Swimming or walking, which is the better exercise?

There has been a lot of debate as to which exercise is best for us. As we age we are advised to undertake weight-bearing exercise to keep our bones and muscles strong. Swimming however confers other benefits including a sense of improved well-being as well as increased cardiovascular fitness and flexibility.

Dr. Norman Swan is one of my favourite medical reporters and I always enjoy listening to his “Health Reports” on ABC radio. I haven’t told him yet, but I would actually like his job, especially in being able to report the latest findings of significance to improve our brain health.

This week on the Health Report, reporter Tegan Phillips discussed the findings from a study by Dr Kay Cox from UWA and Royal Perth Hospital to clarify which form of exercise we should follow.
In this study a group of women in their fifties, who were non exercisers were divided into two groups. They both had to exercise for between 40 to 60 minutes four times a week using either swimming or walking. The effect on their body weight, blood pressure, cholesterol, insulin and glucose were measured. Over the course of a year, health benefits were noticed in both groups but there were additional benefits found for the swimming group.

Women in their fifties who have reached menopause or who are peri-menopausal may also have other health ailments staring to be a nuisance including joint stiffness and arthritis. The swimming group found that being in the water increased their overall flexibility and they were also able to enjoy exercising in a non weight-bearing environment that was more difficult for some in the walking group. Adherence to the program was found to be higher in the swimmers group, probably for this reason. In addition, swimming was found to reduce waist girth by more than an inch compared to the walkers as well as improving insulin levels, (thereby reducing the risk of diabetes) and lowered cholesterol levels.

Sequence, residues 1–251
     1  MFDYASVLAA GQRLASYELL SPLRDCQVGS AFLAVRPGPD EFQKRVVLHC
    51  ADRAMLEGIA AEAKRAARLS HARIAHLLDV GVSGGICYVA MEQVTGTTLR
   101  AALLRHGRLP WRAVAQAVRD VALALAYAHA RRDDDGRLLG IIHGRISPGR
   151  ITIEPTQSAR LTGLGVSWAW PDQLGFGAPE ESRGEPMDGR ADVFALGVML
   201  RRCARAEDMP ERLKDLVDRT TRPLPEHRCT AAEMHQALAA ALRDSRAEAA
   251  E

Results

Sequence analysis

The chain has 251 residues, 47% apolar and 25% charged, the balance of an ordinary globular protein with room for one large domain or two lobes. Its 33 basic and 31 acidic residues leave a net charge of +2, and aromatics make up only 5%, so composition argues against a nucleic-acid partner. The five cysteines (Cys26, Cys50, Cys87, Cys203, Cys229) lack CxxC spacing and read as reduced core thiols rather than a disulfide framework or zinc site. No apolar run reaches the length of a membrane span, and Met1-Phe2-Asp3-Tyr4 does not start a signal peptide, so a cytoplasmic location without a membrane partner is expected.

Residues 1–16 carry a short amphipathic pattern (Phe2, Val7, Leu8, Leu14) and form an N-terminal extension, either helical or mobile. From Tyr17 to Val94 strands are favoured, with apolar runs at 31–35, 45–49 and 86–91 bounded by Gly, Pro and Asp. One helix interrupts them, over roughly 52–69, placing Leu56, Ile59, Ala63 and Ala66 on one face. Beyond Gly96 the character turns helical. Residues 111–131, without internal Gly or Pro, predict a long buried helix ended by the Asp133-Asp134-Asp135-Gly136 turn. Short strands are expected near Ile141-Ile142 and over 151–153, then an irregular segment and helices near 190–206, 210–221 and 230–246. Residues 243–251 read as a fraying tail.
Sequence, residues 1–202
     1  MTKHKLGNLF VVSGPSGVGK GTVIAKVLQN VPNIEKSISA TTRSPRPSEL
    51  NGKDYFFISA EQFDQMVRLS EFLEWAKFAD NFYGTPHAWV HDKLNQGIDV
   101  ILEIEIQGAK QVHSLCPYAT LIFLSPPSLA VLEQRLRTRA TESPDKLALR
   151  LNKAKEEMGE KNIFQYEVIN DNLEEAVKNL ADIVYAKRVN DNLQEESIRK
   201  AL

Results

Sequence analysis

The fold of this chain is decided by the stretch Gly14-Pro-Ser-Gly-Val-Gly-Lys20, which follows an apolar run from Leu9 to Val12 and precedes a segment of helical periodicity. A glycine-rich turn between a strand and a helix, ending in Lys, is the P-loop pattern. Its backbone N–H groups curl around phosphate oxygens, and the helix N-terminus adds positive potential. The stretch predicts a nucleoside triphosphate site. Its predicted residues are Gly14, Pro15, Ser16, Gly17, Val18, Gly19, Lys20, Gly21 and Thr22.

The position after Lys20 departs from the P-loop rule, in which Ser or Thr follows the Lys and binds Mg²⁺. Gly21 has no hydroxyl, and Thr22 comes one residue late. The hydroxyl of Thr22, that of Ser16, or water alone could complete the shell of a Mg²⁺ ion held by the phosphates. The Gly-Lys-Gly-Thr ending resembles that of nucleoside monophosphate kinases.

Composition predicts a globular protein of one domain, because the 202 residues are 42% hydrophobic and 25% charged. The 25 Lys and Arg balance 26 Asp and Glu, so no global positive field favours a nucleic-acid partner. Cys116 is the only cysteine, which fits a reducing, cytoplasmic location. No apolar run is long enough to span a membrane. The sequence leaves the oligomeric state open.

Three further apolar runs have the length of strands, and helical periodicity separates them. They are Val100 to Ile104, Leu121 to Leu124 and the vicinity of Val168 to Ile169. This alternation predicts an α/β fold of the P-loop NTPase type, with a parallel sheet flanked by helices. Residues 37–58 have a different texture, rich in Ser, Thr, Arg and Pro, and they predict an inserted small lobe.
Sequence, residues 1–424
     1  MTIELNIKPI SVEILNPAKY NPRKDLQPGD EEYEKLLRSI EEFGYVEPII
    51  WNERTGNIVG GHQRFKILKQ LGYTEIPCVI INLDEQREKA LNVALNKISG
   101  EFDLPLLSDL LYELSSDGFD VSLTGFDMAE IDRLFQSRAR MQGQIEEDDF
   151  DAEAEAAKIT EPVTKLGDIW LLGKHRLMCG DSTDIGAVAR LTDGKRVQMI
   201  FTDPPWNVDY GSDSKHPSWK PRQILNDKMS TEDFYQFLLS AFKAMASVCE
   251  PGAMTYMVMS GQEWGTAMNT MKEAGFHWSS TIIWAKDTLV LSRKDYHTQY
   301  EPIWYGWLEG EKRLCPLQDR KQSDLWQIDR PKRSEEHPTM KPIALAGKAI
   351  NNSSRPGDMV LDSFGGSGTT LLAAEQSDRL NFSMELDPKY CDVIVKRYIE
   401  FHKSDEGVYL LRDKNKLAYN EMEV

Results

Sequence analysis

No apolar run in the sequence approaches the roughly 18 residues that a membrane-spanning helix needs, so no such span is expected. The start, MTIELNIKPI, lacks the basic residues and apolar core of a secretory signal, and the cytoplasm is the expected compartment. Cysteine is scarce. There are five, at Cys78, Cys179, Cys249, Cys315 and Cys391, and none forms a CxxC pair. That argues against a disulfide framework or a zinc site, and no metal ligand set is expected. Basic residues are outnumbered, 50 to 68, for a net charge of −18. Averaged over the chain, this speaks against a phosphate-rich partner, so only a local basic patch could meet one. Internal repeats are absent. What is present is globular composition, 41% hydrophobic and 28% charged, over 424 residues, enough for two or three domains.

Dr Cox commented on the fact that in the water you lose more body heat, which also contributes to increased energy use when swimming.

Dr Richard Prince from Sir Charles Gardner Hospital and an expert in osteoporosis (bone thinning which occurs more in menopause) suggested that enjoying a variety of exercise is advisable. He stated that weight-bearing exercise is particularly important for postmenopausal women in the fight against bone loss.

For brain fitness, physical exercise remains a vital key to improve overall well-being and stabilise mood. It also stimulates our brain’s plasticity, encouraging new brain connections to form and enhances neurogenesis or the birth of new brain cells.

As someone who enjoys both swimming and walking, this report is music to my ears. Time to don the bathers and get into the pool.
So whether it is swimming or walking, the main message is to be doing something and aim to exercise regularly. Make it part of your daily routine and enjoy the benefits of improved physical and brain health.

References:
Cox K.L. et al. Short and long-term adherence to swimming and walking programs in older women – The Sedentary Women Exercise Adherence Trial (SWEAT 2). Preventive Medicine 46;6:511-517
Cox K.L. et al. Blood pressure rise with swimming versus walking in older women: the Sedentary Women Exercise Adherence Trial 2 (SWEAT 2) Journal of Hypertension 24;2:307-314

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